“Unfortunately, our hope turned out to be illusionary, our expectations were not met, and we are now aware that we have to provide for our own security and rights. Nnumerous cases, some of them rather shocking, in the recent years lead us to assume that Muslims are unwanted in this country, and that pressure against us will continue… [They] show that part of the Bulgarian society is hostile and aggressive against Islam, Islamic values, and the Muslim community,” the Chief Mufti’s Office says stressing that the above-described incidents should not be treated as hooliganism or criminal acts “but as a common strategy and intolerance against the Muslims, which could probably lead to more large-scale operations.”

“This kind of islamophobia and pressure expressed as threats, insults, restricting religious rights, and physical violence should be treated as an attempt to instigate inter-religious conflicts, a civil war, and a threat to the national security,” the Chief Mufti’s Office declares.

The statement further explains that even though after the attack on the Banya Bashi mosque on May 20, 2011, the Bulgarian Muslims “received the support of the politicians, the intelligentsia, and part of the society”, similar incidents have continued to occur.

The Chief Mufti’s Office says that on May 30, 2011, it alerted Interior Minister Tsvetan Tsvetanov about several more cases of physical assaults on praying Muslims but that it did not see any reaction from human rights organizations, the government, the civil society, the political parties.

“Why? Probably because we are now used to such incidents and because some circles acquiesce to the violence against us?.. The National Assembly of the Republic of Bulgaria adopted a declaration stating that the Muslims do not need to defend themselves because the authorities can do that. It turns out that this is not really true, and it is an attempt to put out the problem, to win time, and to blunt our feelings,” says the office of the Bulgarian Chief Mufti.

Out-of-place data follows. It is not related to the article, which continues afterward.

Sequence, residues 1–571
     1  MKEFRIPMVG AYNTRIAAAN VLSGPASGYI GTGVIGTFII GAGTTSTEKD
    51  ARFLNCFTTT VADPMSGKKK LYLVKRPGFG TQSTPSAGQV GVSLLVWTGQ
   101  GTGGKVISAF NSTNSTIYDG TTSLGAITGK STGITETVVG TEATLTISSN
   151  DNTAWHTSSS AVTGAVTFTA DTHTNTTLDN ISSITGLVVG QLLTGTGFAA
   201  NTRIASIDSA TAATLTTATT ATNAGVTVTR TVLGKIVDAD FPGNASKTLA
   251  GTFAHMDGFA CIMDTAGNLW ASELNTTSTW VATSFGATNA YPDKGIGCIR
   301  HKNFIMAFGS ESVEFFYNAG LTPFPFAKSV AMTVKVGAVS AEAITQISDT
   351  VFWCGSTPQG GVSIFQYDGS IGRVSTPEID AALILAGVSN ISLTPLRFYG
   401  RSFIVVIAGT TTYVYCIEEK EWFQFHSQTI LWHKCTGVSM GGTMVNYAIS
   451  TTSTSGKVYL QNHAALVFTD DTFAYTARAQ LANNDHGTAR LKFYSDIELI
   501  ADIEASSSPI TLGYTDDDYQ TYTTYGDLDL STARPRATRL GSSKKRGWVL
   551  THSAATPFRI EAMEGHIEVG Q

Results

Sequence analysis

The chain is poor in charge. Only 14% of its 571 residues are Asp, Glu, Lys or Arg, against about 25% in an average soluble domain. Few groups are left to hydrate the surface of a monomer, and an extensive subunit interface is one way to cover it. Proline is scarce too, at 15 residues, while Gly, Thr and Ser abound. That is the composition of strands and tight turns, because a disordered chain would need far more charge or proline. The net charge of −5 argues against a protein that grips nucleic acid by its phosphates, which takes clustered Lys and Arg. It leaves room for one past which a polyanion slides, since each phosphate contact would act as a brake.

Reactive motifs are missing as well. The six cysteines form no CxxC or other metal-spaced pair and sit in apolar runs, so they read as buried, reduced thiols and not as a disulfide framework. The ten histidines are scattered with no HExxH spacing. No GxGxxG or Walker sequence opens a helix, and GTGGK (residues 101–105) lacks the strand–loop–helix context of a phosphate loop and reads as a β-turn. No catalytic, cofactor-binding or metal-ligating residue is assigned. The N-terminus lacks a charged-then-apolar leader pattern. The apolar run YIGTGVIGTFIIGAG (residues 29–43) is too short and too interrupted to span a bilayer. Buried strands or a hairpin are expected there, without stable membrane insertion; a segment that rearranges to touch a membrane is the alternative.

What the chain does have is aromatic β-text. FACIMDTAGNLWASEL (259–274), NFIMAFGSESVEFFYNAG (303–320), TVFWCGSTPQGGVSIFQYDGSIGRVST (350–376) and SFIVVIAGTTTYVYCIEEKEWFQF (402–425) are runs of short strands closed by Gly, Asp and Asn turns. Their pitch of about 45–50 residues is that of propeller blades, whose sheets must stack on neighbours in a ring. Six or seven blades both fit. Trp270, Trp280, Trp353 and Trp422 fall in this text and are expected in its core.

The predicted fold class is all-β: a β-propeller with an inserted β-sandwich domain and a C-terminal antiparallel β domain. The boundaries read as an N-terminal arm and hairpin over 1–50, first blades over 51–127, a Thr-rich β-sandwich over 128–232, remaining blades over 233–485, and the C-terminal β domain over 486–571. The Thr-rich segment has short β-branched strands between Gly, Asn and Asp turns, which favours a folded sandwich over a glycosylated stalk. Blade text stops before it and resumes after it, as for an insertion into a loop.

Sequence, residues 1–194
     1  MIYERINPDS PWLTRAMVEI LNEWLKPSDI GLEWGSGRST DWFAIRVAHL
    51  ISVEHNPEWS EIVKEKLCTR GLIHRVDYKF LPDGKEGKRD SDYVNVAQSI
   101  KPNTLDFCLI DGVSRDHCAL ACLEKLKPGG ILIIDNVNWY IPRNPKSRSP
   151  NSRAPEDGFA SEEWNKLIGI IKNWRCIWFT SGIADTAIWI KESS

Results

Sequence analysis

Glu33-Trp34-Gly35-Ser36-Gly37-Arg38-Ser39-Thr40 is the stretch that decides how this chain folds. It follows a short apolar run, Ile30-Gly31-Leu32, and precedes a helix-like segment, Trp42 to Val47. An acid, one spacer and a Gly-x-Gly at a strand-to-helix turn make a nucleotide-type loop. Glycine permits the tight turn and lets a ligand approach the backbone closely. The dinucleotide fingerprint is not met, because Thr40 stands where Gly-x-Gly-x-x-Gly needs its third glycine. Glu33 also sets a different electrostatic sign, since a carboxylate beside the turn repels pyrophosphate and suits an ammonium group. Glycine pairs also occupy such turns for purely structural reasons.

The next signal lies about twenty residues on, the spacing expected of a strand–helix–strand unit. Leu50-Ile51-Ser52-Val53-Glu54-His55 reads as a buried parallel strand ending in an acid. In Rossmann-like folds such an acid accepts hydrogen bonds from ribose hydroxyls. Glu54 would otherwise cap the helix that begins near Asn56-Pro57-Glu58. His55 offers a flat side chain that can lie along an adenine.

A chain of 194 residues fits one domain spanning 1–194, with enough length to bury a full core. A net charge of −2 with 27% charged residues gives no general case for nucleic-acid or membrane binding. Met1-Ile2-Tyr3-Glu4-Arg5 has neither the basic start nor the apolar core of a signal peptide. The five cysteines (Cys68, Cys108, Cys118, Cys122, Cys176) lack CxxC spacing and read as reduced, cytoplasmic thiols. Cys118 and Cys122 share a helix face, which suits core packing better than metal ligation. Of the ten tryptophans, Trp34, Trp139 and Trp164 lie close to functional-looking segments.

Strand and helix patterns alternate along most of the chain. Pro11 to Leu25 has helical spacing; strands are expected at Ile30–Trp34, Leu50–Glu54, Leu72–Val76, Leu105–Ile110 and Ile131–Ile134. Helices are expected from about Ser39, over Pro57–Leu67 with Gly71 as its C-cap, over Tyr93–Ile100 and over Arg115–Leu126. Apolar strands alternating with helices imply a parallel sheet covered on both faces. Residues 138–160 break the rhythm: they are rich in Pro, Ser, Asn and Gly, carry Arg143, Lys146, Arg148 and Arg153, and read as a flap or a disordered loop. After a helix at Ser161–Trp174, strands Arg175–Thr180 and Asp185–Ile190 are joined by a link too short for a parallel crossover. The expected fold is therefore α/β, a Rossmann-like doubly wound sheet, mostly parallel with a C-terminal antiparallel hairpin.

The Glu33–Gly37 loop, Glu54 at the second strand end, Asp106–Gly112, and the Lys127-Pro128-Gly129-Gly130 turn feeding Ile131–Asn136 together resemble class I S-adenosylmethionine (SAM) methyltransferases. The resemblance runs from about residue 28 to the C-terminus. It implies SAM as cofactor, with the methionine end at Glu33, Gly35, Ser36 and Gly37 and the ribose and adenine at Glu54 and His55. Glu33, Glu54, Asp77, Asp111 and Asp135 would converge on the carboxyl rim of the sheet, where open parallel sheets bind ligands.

It further calls upon the Muslims in the country to organize day and night guards as volunteers “in order to protect what the state fails to protect – the honor and dignity of Islam and Muslims.”

“These steps are the beginning of a self-protection campaign. We are going to inform you of your next steps depending on the development of the problems and the desires of the community. In conclusion, we turn to our state leaders, institutions, and authorities, to all evil-minded people, to all Islamophobes, to all attackers – do you think that we love Bulgaria less than you?”, concludes the Chief Mufti’s Office.

Novinite, 13 June 2011

Sofia mosque warden attacked and beaten unconscious

The warden of the main mosque in downtown Sofia has suffered a brutal assault at the hands of unidentified attackers just minutes before the start of the morning prayer on Sunday, the Chief Mufti’s Office announced.

“Today we witnessed yet another attack against Sofia mosque. This morning, 20 minutes before the morning prayer, the warden of the mosque in Sofia was cruelly beaten. Unknown people have jumped over the fence of the mosque, beaten the keeper, destroyed the security room and burst into the mosque,” says the statement.

The man was found by worshippers who came to the mosque for the morning prayer, covered in blood and unconcious, it said. He has been taken to the emergency Pirogov hospital.

“Hate crimes, acts of xenophobia and Islamophobia have risen dramatically in recent months,” says the statement of the Chief Mufti’s Office.

The news comes just a month after a Muslim man and five policemen were hurt in clashes between supporters of Bulgaria’s ultra-nationalist Ataka party and worshippers outside the Banya Bashi mosque in Sofia on May 20.

Novinite, 12 June 2011

Update:  See Sofia Echo, 13 June 2011